ALITA: I’ve been writing since I was a child, but I really jumped into the industry with both feet these last 3 years. I had been planning on going to school for music, and for various reasons, didn’t end up doing so. I went for something entirely unrelated, and was angry with myself the entire time for giving up. Once I graduated, I dove back in. I had a little more maturity by then, and the ability to look at myself more honestly. It’s been full steam ahead ever since!

Being from Seattle, how does the city and your immediate environment influence your music or your sound?

ALITA: It affects me in ways I’m not conscious of, I’m sure. But my influences really come from artists all over the world, and so it’s not like I’m trying to emulate a Seattle artist specifically. I think the golden age of Seattle music was a little before my time.

What guides your decisions when you’re choosing new music to release?

ALITA: It’s really a gut thing. Once I’ve fleshed out a song, I usually know if it’ll be a single pretty early. I also have a lot of trust in my manager, Jackie, and her opinion. A lot of managers don’t get involved in their client’s creative, but Jackie has an exceptional ear. And she’s blunt with me. That’s invaluable.

Where do you draw inspiration from, and do you ever feel scared to broach a certain subject with your song writing?

ALITA: I draw inspiration from my life and my loved ones’ lives. I’m not consciously afraid of writing about certain topics, I think any hesitation I feel comes from not feeling prepared or ready to broach a topic. I have to let ideas come to me in their own time. Once I feel I can explore it authentically, then I dive in. But there are a lot of songs in me I want to write, but don’t think right now is the time. And that’s okay.

“Bodies” is a very empowering song for women that takes back control over the narrative of sexuality. Did you have any intentions or goals when you set out to write it?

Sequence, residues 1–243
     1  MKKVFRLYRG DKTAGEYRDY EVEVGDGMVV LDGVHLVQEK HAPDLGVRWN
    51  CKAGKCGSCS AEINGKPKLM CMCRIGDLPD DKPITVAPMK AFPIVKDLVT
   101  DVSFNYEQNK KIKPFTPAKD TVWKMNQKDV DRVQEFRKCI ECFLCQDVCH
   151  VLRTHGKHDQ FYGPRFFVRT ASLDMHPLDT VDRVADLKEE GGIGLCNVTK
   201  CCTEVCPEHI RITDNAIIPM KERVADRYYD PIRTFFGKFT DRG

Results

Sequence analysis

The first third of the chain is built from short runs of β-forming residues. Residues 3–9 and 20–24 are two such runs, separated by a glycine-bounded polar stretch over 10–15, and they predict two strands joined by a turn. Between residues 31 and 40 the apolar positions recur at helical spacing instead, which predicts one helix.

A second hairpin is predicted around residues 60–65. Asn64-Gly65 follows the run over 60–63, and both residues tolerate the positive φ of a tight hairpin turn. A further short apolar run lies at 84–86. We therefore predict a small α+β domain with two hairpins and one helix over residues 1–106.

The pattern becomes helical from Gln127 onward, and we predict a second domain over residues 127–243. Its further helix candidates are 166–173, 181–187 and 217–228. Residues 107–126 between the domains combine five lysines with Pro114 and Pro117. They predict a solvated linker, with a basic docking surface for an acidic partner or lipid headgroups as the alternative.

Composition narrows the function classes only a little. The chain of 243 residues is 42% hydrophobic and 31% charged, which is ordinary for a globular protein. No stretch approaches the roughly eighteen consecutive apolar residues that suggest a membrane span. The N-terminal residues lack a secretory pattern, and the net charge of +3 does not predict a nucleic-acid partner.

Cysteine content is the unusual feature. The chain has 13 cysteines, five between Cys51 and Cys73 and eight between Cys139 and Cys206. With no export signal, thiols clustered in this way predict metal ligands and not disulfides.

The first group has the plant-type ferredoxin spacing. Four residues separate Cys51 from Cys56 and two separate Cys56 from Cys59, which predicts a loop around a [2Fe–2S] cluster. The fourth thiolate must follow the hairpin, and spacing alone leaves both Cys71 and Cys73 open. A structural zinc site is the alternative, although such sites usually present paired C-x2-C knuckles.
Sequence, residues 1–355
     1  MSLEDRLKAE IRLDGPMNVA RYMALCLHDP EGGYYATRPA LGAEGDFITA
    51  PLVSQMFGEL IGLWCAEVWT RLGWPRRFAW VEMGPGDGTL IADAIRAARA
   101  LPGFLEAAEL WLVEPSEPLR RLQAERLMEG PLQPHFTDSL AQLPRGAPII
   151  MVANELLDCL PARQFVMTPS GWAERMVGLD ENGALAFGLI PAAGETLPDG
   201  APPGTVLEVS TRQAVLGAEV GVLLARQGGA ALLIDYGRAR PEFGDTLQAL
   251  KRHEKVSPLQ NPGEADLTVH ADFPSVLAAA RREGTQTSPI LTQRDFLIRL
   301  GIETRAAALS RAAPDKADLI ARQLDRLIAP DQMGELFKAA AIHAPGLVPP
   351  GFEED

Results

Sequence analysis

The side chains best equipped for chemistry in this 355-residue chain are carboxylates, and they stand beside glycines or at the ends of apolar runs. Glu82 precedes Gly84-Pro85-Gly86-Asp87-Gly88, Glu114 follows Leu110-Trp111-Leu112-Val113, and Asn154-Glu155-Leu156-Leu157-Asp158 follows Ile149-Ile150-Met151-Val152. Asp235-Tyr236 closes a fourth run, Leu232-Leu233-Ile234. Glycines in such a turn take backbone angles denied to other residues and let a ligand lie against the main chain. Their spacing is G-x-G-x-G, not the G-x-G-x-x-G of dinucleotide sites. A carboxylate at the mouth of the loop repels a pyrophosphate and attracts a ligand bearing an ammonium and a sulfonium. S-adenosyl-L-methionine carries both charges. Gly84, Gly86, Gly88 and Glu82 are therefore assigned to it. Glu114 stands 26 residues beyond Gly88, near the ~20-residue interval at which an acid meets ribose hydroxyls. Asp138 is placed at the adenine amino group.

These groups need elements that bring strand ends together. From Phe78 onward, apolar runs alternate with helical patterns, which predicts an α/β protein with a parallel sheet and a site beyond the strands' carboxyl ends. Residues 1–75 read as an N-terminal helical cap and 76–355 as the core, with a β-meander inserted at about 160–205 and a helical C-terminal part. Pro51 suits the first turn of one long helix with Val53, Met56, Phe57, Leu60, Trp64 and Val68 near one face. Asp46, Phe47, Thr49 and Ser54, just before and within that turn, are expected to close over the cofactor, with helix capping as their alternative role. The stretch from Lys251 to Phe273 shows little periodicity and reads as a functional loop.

ALITA: “Bodies” is one of those songs I put off writing for a long time. I’m almost always the only woman in the studio, and for a long time I felt like the unconscious biases in the room would affect my ability to write openly. Eventually I got over myself and wrote the demo alone in my little home studio. Really, I just wanted to explore sensuality and femininity without fear or shame. The music industry and a lot of male artists hypersexualize women constantly, but get real uncomfortable when they hear a woman herself owning the narrative. I really just wanted to stick a big middle finger to that, and have fun doing it.

What’s something that you want new listeners to know about you as an artist, or take away from this release?

ALITA: All of my releases so far have been centered primarily around fun pop music that makes you move and makes you feel good. I want fans of my music to keep that in the back of their minds as we enter this new era of my music. It’s unlike anything I’ve put out, but it’s more me than ever. I’m not losing that pop sensibility I’ve had in my current releases, it’s just about to get a little less predictable. Which I’m excited about!

Watch the official video for “Bodies” below, and follow ALITA on Instagram to keep up with future releases.